Safety signs, signals and markings

Signs are necessary to tell drivers and pedestrians about the routes they should use, and also to instruct people how to behave safely (for example, whether they must use protective equipment, and how).

A road sign that describes the speed restrictions, the direction to travel, what other vehicles are within the area and a no smoking sign

Figure 22 These clear signs help arriving drivers know what to expect

You should use route markings to show traffic lanes, route edges, priority at junctions, stop lines, no-parking areas, pedestrian crossings and so on, and to instruct drivers (for example, 'SLOW').

By law, road signs used to warn or give information to traffic in private workplaces must be the same as those used on public roads, wherever a suitable sign exists. Road signs are set out in The Highway Code.13 Drivers and pedestrians should be able to expect that the layout, signs, road furniture and markings on site will be similar to those on public roads.

A road sign describing the the height and width restrictions for passing vehicles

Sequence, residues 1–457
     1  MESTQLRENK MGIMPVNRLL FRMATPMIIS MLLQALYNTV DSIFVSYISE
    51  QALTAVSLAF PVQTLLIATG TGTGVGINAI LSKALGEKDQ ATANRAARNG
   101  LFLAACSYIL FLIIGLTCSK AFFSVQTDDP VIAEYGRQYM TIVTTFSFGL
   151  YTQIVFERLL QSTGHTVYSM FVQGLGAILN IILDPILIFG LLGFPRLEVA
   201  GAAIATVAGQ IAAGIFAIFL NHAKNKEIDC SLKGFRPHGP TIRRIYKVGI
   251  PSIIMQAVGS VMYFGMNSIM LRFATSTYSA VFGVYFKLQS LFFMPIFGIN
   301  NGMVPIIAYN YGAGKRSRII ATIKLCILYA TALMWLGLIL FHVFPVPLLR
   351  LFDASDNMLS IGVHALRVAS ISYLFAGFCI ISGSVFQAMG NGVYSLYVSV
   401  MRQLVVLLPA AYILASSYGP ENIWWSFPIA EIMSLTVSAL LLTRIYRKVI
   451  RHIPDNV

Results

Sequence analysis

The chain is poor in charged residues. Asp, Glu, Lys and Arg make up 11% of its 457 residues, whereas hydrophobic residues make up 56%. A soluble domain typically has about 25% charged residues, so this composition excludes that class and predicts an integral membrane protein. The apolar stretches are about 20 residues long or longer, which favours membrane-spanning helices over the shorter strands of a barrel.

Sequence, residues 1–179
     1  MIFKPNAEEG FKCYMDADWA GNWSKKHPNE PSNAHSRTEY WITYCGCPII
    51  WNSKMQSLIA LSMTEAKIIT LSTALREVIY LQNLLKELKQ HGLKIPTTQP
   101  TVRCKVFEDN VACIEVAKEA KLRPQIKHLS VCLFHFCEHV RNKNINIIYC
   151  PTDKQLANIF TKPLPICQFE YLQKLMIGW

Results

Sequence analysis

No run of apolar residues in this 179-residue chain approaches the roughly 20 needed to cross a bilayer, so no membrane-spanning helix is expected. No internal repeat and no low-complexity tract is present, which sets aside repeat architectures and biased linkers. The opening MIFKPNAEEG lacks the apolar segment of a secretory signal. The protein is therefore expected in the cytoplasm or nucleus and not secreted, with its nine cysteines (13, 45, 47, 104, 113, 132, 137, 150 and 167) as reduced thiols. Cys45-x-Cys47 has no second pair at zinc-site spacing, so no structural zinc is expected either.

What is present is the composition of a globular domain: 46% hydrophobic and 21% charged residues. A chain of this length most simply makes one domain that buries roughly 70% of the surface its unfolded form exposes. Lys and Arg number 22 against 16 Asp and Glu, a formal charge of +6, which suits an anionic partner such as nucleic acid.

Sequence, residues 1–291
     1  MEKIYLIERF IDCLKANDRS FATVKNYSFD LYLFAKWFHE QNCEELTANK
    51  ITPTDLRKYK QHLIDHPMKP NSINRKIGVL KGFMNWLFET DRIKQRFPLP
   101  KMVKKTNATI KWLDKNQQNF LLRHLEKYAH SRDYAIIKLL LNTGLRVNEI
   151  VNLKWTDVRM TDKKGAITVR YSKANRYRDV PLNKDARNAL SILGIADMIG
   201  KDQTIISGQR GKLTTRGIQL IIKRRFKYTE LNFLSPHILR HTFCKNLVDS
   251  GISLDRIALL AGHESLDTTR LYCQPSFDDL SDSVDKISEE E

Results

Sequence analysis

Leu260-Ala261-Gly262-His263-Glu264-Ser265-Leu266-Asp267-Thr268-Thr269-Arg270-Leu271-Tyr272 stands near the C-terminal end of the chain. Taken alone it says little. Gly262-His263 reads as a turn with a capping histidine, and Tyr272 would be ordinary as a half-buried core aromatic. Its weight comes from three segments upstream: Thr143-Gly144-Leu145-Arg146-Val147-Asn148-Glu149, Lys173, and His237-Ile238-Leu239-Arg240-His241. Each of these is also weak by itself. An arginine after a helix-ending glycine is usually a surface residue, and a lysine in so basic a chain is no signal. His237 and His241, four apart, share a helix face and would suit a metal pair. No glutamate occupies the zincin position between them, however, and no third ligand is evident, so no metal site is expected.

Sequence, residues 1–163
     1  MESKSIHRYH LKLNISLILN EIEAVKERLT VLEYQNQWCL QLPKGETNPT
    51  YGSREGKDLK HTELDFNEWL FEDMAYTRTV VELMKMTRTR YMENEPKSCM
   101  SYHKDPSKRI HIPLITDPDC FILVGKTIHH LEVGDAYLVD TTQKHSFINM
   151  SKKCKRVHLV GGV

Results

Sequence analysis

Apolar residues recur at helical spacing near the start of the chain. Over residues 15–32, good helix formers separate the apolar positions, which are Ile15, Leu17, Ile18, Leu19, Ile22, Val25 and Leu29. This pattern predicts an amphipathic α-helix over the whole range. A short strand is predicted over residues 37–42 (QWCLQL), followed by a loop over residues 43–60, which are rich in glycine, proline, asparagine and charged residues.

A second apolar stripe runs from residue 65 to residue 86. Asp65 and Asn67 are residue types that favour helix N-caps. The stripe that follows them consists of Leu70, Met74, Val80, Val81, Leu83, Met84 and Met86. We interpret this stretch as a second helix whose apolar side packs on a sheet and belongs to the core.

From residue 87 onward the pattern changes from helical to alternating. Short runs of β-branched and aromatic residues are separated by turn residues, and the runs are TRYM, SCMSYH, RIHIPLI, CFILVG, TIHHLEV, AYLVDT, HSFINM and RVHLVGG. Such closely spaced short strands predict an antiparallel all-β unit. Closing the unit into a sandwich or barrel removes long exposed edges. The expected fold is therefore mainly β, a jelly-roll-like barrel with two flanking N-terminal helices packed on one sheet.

Note: figures shown here are for illustration only

Figure 23 These signs can be used to show no vehicles over the height or width shown can continue

You should use warning signs to show hazards along the way.

A road sign describing the maximum weight, and why

Note: sign shown here is for illustration only

Figure 23 A sign like this should be used to show that no vehicles over a certain maximum gross weight shown can continue, and why

You can use traffic lights to control the flow of traffic at busy junctions, at narrow places and at site entrances. You can also use speed sensors and flashing warning signs to help control the speed of traffic.

You should provide signposting so that drivers do not go the wrong way. This should help prevent vehicles from moving around areas where pedestrians or other drivers might not expect them.

You should place signs so that people have time to see and understand them, and take any action to reduce risks before they reach the hazard.

All signs should:

  • be clear and easy to understand;
  • stand out enough to be noticed; and
  • be kept clean and well maintained so that they are visible at all times.

If signs have to be visible in darkness, they will need to be reflective and, ideally, illuminated. Sign lighting needs be kept clean and working.

You can find detailed information about reflective and lit road signs in BS 873-1: 1983 Road traffic signs and internally illuminated bollards.

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